Wednesday, October 31, 2012

IGWRT's - Hallow's Edge "432 Calhoun Street, & Friday Flash 55

432 Calhoun, Savannah, GA:  Creepy even during the daylight
432 Calhoun Street

Built upon its dead
is Savannah's prestigious
Calhoun Square,

where, four feet below,
1,000 slave bodies overlap.

432 Calhoun,
built in 1868, a little girl sat
behind windowpane,

tied, punished for playing
with Maussie's "lower-class".

General Wilson, unforgiving,
for days remained angry;
100 degrees, she died.

Her wishes for freedom, heard,
understood by those below.

by Margaret Bednar, 10-31-2012

During a Ghost Walk at Night
This is a retelling of a horrible story that was told to me while I was on a ghost walk in Savannah, GA.  Seriously, I go to these for "fun", but 432 Calhoun Street.... well, I have never been able to forget it.

Savannah had a number of epidemics, and they would put the dead from these and dead slaves on the outskirts of town in mass burials.  The slaves in Calhoun Square are not necessarily under this house, but in the square... probably under the whole area.

Maussie (or Massey? - I've seen both spellings) was a public school built in 1856.  It is open today as a museum for local history and architecture.

What I like about the first video is you get a glimpse of the square (the green park) across the road where the school children would play.  Forward to the end of the video bar if you are interested in that.  The second video is much shorter and does an OK job showcasing the exterior of the mansion.

(neither video was shot by me or anyone I know).

This is linked to Imaginary Garden with Real Toads "Hallow's Edge" AND will be linked with Friday Flash 55 (after 8pm Thursday).  My story is 55 words if you conisider the hyphenated word to be one, not two words :)

HERE is another link to some photos and interesting information about the house.

The very window behind which the little girl died.
432 Calhoun Street -  a bit of the square is visible where the children played.
Do you see a man's face and torso below in the window on the right? (Benjamin Wilson was a General in the Civil War) & perhaps a golden image of a little girl partially turned towards him in the left window (the girls is a stretch of the imagination, for sure)?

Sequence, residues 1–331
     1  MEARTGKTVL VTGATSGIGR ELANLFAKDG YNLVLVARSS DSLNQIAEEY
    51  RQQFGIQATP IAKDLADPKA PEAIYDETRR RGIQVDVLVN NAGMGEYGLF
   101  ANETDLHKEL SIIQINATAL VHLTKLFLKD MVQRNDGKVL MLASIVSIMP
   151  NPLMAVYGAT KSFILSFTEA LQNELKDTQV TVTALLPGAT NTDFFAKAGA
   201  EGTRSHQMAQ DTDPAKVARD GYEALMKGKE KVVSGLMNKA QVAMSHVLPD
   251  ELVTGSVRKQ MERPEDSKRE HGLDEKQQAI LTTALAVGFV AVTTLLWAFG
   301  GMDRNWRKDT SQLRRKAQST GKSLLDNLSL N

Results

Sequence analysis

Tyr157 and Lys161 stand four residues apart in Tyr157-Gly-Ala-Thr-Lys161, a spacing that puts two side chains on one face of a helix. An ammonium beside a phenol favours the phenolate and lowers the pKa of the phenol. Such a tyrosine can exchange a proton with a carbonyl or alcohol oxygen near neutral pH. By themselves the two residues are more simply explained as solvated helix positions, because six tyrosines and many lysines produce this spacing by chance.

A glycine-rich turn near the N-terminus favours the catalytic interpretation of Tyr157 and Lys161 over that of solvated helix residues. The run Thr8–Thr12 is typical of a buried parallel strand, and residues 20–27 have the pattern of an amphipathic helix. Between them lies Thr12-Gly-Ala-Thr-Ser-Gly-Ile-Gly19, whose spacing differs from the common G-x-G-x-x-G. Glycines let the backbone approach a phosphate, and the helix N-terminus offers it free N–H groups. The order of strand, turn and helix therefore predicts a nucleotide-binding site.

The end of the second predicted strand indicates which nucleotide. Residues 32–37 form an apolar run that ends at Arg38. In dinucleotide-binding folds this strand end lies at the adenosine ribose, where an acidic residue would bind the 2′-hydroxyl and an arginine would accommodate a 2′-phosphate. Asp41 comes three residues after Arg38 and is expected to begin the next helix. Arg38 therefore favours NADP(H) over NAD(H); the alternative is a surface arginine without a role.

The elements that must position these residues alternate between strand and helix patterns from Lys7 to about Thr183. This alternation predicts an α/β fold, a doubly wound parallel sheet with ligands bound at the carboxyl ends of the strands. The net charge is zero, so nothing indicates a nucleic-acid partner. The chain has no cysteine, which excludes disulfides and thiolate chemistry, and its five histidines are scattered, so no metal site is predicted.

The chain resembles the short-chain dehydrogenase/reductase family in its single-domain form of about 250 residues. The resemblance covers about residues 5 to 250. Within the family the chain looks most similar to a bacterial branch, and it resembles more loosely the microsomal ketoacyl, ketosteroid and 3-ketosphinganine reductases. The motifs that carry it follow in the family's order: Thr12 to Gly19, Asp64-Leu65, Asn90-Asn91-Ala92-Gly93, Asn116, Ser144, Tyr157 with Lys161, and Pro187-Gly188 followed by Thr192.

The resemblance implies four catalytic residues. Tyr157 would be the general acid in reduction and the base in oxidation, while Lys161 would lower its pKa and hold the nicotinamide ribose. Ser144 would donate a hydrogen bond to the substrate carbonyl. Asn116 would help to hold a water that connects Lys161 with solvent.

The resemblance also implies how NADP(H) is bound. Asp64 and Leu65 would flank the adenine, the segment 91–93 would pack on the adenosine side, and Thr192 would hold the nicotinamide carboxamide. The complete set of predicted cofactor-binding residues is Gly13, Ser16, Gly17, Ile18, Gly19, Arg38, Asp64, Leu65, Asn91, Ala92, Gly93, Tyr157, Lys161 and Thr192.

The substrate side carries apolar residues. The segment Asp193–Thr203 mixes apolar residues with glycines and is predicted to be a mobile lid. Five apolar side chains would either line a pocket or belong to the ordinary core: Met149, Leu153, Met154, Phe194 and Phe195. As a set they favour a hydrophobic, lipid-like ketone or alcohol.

I can imagine he stood there, telling his daughter how she should not play with the school children in the square's park as she was from a superior white family...  and then left her to the heat of the Savannah sun beating through the windowpane and a horrible death as she watched her friends playing across the street.  This photo of mine always creeps me out....  Of course, I'm sure it is a reflection... ?  I was also told he hung himself on the floor above when he found out she died.  (His wife had died years earlier from Yellow Fever)

All photos in this post are mine


Daydreamertoo said...

What an awful story. How sad to be so pompous and a cut above, that your child dies as a result of snobbery.
How sad for all those slaves to have died.
Yikes, what a tale. Yes, I actually 'see' two male faces One on the left in the first pane under the halfway join and another male a little lower on the right behind the cross part of the frame, and another full length male bellow that, kind of in Gray.
Gripping read Margaret. Great pics too.

Margaret said...

I see a face on the building itself, between the windows now too! Most people who see something or record something, capture a little girl in a chair. But I imagine it is the father who's spirit who is far more at unrest...

This house has been labeled one of the scariest in the state, if not the country.

Robyn Greenhouse said...

I recently took a ghost walk in Williamsburg - for fun too! I see a long figure in the bottom right window!

jabblog said...

What a tragic tale. Even without the little girl's dreadful fate the house might have been haunted by the much maligned slaves.